One way to think about the vote is that it has forced a slightly more equitable distribution of anxiety and alienation upon the country. After Thursday, I feel more insecure about my future, and that of my family. I also feel like a foreigner in my own country — that there’s this whole massive swathe of people out there who don’t think like me at all and probably don’t like me. I feel like a big decision about my life has been imposed on me by nameless people out there. But of course, this is exactly how many of those very people have been feeling for years, and at a much higher level of intensity. Democracy forces us to try on each other’s clothes. I could have carried on quite happily ignoring the unhappiness of much of the country but I can’t ignore this.

I’m seeing a lot of people on Twitter and in the press bemoaning how ill-informed people were, talking about a ‘post-factual democracy’. Well, maybe, though I think that requires further investigation - democracy has always been a dirty dishonest business. But surely the great thing about Thursday that so many people voted — including many, many people who might have felt disenfranchised from a system that hasn’t been serving them well. I’m not sure you’re truly a democrat if you don’t take at least a tiny bit of delight in seeing people so far from the centres of power tipping the polity upside down and giving it a shake. Would it have been better or worse for the country if Remain had won because only informed middle-class people voted? It might have felt better for people like me, it might actually have been better, economically, for everyone. But it would have indicated a deeper rot in our democracy than do the problems with our national information environment (which I accept are real).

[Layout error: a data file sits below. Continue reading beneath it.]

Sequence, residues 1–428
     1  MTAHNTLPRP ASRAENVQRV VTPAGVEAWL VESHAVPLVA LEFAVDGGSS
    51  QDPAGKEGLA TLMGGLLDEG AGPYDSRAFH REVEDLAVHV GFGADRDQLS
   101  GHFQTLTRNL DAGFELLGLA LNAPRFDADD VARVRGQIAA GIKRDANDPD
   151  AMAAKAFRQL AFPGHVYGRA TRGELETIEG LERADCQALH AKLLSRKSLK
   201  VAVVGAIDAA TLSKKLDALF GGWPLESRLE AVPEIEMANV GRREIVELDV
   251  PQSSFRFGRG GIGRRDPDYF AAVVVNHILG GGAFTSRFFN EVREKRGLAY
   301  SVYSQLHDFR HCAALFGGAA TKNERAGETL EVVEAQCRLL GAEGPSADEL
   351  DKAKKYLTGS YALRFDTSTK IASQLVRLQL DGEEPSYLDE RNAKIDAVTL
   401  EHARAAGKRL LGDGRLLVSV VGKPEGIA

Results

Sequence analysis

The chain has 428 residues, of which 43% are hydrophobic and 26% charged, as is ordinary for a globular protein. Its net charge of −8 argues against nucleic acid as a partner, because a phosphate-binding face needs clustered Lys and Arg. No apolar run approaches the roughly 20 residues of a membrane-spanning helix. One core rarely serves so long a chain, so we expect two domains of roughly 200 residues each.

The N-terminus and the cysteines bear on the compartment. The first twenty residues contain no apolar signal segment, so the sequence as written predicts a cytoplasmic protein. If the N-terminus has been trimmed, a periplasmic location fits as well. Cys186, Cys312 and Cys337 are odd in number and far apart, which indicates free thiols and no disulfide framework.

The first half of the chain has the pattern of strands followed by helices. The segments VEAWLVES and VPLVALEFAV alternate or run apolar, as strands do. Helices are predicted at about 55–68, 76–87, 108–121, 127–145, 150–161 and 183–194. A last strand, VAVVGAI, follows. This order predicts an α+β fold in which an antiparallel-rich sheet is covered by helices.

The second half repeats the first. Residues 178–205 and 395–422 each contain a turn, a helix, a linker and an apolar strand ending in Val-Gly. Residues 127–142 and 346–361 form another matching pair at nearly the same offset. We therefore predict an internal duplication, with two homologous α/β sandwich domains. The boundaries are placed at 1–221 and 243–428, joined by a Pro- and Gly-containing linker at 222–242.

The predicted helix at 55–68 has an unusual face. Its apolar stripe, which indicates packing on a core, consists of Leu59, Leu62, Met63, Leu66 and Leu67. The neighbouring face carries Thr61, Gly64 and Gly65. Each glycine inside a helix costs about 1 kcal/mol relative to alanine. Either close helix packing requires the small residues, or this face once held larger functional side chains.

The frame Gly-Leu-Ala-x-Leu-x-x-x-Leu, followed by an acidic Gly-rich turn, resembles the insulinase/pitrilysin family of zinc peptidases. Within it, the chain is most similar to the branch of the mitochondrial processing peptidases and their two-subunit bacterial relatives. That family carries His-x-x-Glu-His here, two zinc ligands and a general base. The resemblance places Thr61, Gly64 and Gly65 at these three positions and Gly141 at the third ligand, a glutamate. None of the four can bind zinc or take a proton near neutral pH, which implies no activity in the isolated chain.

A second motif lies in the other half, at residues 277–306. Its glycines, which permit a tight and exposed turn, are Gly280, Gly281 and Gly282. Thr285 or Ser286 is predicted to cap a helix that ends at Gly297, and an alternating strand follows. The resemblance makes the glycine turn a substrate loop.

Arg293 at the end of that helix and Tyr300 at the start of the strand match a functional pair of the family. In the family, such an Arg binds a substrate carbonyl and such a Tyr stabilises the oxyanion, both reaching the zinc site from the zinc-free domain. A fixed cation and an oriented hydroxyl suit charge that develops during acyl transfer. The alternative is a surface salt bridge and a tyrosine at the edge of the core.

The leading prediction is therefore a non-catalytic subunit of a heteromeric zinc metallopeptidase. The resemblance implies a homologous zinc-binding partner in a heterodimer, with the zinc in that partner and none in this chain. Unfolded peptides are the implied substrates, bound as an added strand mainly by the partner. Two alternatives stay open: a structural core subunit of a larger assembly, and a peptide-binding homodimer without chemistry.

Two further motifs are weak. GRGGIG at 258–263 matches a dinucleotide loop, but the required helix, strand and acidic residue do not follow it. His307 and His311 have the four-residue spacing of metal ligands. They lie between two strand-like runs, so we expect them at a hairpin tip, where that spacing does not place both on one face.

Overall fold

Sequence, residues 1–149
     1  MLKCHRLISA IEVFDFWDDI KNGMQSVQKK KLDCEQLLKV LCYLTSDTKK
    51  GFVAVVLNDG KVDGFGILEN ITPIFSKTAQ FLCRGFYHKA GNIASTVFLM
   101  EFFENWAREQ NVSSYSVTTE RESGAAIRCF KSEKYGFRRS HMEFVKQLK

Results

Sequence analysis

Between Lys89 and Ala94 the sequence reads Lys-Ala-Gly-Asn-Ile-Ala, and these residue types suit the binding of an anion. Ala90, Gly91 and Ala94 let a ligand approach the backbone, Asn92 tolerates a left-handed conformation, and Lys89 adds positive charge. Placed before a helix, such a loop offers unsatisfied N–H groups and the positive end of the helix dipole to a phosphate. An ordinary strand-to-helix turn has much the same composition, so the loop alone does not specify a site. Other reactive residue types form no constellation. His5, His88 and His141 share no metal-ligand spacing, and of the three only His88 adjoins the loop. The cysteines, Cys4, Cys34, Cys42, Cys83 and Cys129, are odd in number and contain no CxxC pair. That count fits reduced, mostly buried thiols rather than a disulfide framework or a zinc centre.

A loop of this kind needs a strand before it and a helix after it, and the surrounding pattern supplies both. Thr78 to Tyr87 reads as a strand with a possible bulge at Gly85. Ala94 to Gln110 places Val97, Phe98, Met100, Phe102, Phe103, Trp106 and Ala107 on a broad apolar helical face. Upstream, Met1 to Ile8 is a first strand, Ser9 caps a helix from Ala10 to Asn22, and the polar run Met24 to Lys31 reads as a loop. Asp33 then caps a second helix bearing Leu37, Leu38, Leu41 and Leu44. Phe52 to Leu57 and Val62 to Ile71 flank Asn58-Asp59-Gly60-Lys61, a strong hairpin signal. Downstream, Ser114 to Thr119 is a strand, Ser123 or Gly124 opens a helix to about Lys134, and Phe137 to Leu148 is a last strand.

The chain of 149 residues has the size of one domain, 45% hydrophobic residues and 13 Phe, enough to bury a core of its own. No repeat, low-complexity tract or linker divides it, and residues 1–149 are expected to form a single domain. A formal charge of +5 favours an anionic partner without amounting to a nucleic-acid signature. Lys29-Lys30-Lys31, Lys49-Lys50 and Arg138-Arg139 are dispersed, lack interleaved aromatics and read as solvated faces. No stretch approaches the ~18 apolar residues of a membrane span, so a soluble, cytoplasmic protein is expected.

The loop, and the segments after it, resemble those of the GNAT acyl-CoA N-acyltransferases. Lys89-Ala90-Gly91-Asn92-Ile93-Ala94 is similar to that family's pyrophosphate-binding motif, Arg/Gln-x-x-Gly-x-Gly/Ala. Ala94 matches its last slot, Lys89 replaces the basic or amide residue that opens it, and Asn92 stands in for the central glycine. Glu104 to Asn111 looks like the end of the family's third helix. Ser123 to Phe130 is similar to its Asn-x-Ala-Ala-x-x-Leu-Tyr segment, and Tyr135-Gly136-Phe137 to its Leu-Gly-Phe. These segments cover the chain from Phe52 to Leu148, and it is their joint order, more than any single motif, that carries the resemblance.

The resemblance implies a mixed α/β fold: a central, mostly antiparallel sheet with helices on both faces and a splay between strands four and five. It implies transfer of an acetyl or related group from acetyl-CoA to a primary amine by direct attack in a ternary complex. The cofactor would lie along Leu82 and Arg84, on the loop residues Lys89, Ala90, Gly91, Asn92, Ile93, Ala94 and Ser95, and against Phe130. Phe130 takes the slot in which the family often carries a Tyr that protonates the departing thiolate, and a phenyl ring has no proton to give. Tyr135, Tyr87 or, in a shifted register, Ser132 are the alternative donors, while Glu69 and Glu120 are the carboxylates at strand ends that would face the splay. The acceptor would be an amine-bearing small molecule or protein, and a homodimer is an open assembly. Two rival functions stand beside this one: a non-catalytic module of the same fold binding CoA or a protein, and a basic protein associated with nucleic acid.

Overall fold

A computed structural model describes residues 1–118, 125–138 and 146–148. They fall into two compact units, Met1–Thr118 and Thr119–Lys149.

I’m not quite saying ‘the people are always right’ — at least, I don’t think it was wrong to vote to stay in the EU. I still believe we should have Remained and I’m worried about what we’ve got ourselves into by getting out. But I am saying they may have been right to use this opportunity — the only one they were given — to send an unignorable signal to the powers-that-be that things aren’t working. You might say general elections are the place for that, but our particular system isn’t suited to change things on which there is a broad consensus between the two main parties.

Ian Leslie is a writer, author of CURIOUS: The Desire to Know and Why Your Future Depends On It, and writer/presenter of BBC R4's Before They Were Famous.